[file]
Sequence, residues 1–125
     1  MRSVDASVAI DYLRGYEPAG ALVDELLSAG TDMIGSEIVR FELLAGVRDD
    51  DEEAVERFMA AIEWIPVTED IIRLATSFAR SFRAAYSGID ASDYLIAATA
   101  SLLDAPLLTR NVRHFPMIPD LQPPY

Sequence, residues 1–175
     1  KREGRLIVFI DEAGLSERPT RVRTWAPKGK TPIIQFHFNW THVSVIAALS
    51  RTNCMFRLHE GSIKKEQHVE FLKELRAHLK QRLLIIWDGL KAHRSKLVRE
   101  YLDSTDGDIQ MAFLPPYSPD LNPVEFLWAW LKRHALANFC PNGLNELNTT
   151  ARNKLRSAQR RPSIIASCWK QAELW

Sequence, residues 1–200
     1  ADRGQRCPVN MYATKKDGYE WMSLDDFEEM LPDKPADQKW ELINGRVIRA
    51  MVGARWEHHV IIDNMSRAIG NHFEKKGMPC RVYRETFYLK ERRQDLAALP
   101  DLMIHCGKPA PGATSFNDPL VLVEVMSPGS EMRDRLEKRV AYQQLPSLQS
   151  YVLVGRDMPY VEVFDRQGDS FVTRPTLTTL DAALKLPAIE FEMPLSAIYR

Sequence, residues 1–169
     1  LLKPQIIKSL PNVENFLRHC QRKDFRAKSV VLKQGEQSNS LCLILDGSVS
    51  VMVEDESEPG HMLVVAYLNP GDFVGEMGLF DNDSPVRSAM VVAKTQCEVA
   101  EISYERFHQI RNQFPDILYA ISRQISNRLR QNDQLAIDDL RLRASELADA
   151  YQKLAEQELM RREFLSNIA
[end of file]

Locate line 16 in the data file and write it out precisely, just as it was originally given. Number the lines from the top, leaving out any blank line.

     1  LLKPQIIKSL PNVENFLRHC QRKDFRAKSV VLKQGEQSNS LCLILDGSVS